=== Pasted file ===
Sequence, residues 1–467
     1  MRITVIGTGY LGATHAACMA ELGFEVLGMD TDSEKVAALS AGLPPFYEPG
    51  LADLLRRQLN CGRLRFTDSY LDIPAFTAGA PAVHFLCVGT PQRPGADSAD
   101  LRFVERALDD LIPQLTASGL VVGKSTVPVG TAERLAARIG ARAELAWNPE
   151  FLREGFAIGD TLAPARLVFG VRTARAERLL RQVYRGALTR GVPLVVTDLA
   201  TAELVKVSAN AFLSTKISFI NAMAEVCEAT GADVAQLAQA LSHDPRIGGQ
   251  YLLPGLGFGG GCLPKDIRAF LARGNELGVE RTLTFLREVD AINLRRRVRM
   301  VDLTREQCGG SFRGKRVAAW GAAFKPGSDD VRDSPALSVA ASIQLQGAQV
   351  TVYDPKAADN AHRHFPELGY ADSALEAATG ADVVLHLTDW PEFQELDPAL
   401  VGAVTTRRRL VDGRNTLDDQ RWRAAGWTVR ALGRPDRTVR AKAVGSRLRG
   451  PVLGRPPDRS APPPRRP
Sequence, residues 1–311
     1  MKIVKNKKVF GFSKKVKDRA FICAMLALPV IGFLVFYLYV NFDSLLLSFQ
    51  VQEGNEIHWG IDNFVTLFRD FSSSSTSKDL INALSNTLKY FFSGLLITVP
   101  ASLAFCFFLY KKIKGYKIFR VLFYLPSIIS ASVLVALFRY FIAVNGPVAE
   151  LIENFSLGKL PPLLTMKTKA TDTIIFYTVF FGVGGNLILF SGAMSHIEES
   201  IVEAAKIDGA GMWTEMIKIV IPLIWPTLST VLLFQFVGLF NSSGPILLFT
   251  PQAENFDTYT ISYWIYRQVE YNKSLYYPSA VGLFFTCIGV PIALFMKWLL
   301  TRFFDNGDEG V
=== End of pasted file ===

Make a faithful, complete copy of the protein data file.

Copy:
Sequence, residues 1–467
     1  MRITVIGTGY LGATHAACMA ELGFEVLGMD TDSEKVAALS AGLPPFYEPG
    51  LADLLRRQLN CGRLRFTDSY LDIPAFTAGA PAVHFLCVGT PQRPGADSAD
   101  LRFVERALDD LIPQLTASGL VVGKSTVPVG TAERLAARIG ARAELAWNPE
   151  FLREGFAIGD TLAPARLVFG VRTARAERLL RQVYRGALTR GVPLVVTDLA
   201  TAELVKVSAN AFLSTKISFI NAMAEVCEAT GADVAQLAQA LSHDPRIGGQ
   251  YLLPGLGFGG GCLPKDIRAF LARGNELGVE RTLTFLREVD AINLRRRVRM
   301  VDLTREQCGG SFRGKRVAAW GAAFKPGSDD VRDSPALSVA ASIQLQGAQV
   351  TVYDPKAADN AHRHFPELGY ADSALEAATG ADVVLHLTDW PEFQELDPAL
   401  VGAVTTRRRL VDGRNTLDDQ RWRAAGWTVR ALGRPDRTVR AKAVGSRLRG
   451  PVLGRPPDRS APPPRRP
Sequence, residues 1–311
     1  MKIVKNKKVF GFSKKVKDRA FICAMLALPV IGFLVFYLYV NFDSLLLSFQ
    51  VQEGNEIHWG IDNFVTLFRD FSSSSTSKDL INALSNTLKY FFSGLLITVP
   101  ASLAFCFFLY KKIKGYKIFR VLFYLPSIIS ASVLVALFRY FIAVNGPVAE
   151  LIENFSLGKL PPLLTMKTKA TDTIIFYTVF FGVGGNLILF SGAMSHIEES
   201  IVEAAKIDGA GMWTEMIKIV IPLIWPTLST VLLFQFVGLF NSSGPILLFT
   251  PQAENFDTYT ISYWIYRQVE YNKSLYYPSA VGLFFTCIGV PIALFMKWLL
   301  TRFFDNGDEG V